Writing High-Concept Television

Recently I had a question from blog visitor petergosiewski about how to go about writing high-concept television, and I thought it was probably deserving of a complete post. So here we go…

In many ways, writing and selling high-concept television is like writing and selling any kind of television – it’s a combination of novelty, familiarity, clarity and luck! But there are specific difficulties with trying to sell high-concept ideas, and specific strategies that might help.

Be simple. In Inception, Eames says that in order to incept an idea into the subject’s head, you have to implant the simplest form of the idea. And pitching an idea to a producer is very much like performing inception. Until you have the simplest form of the idea, you won’t be able to sell it, and you probably won’t even be able to write it.

Wolfblood has evolved a fairly complex mythology, with wild packs, ancient traditions, ‘fixers’ helping out their fellow Wolfbloods, and all kinds of other rich details. But none of that was there at the beginning. The simplest form of the idea – the thing that sold – was basically  “A teenage girl who’s secretly a werewolf meets a boy with a very different view of their shared secret”.  In order to create the richness, we had to start with a simple foundation and build our way up from there.

As always – if you can’t describe your idea in one sentence, it isn’t ready yet…

Be character-focused. Whatever your concept, it has to be grounded in specific characters in order to be relatable. It’s how the concept affects those characters that will keep people watching, not the concept itself. No one watches a soap opera because they’re interested in (for example) the moral complexities of euthanasia: they watch because they want to see what lovely kindly Joan will do when ailing husband Fred begs her to help him die.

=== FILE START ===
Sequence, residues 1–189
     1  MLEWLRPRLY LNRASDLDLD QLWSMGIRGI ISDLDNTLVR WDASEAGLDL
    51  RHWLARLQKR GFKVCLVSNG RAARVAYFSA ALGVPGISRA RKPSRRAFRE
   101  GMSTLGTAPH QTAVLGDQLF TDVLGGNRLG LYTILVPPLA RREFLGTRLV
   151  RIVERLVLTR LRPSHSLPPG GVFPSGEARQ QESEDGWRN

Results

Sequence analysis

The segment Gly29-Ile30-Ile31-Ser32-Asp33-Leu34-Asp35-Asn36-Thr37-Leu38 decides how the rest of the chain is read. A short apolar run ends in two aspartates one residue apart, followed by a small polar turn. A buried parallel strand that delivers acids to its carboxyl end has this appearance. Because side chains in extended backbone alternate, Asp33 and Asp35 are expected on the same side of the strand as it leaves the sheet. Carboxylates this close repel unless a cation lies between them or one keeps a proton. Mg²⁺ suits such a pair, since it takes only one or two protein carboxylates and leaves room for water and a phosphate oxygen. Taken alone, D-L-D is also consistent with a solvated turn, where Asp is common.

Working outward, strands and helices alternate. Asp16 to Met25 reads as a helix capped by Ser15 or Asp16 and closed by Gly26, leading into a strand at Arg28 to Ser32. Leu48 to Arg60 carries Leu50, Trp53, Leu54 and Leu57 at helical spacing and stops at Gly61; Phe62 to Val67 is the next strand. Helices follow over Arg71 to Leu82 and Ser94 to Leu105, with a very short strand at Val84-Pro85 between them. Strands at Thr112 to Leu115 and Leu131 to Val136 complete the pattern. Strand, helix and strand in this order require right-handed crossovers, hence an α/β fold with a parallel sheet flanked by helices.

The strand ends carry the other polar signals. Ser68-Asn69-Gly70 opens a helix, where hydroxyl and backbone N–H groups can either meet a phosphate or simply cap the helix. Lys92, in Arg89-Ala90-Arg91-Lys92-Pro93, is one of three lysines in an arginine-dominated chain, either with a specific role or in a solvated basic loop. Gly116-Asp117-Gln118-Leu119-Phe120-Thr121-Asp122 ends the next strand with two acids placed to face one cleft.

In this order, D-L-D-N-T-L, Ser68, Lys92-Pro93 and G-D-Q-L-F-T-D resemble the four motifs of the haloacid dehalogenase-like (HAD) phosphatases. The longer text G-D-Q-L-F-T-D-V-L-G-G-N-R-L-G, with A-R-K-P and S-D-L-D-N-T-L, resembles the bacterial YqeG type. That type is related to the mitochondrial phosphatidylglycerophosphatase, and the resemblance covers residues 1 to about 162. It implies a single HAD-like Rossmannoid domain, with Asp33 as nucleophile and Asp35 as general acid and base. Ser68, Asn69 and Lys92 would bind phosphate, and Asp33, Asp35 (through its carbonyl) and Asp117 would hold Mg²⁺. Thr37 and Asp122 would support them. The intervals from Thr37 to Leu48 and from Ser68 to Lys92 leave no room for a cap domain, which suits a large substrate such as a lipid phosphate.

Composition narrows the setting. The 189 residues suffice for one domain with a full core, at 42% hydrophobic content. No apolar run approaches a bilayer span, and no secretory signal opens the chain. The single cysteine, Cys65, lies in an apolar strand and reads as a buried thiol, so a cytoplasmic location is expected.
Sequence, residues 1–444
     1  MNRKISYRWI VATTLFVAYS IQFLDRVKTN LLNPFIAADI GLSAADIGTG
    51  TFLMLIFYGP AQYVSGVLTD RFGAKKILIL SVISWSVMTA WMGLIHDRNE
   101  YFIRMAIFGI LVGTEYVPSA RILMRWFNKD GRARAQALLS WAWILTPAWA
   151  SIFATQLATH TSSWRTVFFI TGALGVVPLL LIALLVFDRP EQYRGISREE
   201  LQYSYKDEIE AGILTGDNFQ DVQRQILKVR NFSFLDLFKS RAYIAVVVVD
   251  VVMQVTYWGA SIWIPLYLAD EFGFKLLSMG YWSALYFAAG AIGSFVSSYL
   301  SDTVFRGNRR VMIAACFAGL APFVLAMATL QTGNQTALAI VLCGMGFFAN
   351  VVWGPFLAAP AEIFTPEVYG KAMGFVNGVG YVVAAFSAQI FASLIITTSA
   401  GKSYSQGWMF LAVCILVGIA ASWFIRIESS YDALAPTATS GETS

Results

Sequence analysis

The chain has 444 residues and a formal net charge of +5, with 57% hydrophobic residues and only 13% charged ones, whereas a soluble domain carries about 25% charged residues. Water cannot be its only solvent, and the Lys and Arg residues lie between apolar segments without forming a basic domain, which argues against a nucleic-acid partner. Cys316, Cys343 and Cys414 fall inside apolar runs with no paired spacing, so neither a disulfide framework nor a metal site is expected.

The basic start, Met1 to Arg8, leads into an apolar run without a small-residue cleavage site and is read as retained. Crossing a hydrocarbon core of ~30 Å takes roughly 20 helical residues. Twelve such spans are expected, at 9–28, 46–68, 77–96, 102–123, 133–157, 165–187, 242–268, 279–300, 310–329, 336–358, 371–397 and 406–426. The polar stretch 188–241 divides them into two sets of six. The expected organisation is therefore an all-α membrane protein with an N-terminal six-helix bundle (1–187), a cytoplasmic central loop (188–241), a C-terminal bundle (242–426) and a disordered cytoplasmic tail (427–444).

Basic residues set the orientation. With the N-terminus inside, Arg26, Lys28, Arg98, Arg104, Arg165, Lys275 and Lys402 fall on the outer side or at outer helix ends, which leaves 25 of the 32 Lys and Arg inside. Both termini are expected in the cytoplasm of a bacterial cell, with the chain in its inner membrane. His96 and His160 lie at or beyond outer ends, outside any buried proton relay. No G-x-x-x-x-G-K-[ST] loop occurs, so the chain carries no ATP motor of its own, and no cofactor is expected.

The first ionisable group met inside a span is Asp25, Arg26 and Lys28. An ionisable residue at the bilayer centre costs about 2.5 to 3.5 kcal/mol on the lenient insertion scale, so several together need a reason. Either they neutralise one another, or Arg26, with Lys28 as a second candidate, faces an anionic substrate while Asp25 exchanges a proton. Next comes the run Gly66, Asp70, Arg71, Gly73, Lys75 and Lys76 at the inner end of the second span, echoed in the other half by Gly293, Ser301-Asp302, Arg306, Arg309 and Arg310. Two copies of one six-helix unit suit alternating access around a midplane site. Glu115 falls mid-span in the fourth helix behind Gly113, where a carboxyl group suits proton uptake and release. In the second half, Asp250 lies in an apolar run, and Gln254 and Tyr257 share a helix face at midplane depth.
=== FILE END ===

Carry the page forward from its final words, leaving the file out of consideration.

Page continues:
This means you want to find the characters who are most affected by the concept, and who are put through the greatest physical and emotional stresses by it. In the earliest version of Wolfblood, there was no Shannon – but we quickly realized we needed a character who would be profoundly affected by the secret Maddy had been keeping, someone whose whole life had been shaped by their secret, even though she didn’t know it yet…

Be sure that your concept will sustain a series. This is partly about the ‘story engine’ of your series: is there a murder each week, a secret to protect, a new enemy to fight, a life to save? Producers sometimes ask something like  “What’s the plot of episode two of season three?” – in other words, will we still be able to generate stories out of this universe at that stage?

But it’s also about finding a concept that has enough richness and flexibility to grow across series after series, and for each character to react to it in unique and interesting ways. This will sometimes require a radical shift in your story universe: Battlestar Galactica discovered new stories and new sides to its characters when it stranded most of the human survivors on a planet under Cylon rule for several episodes, for example.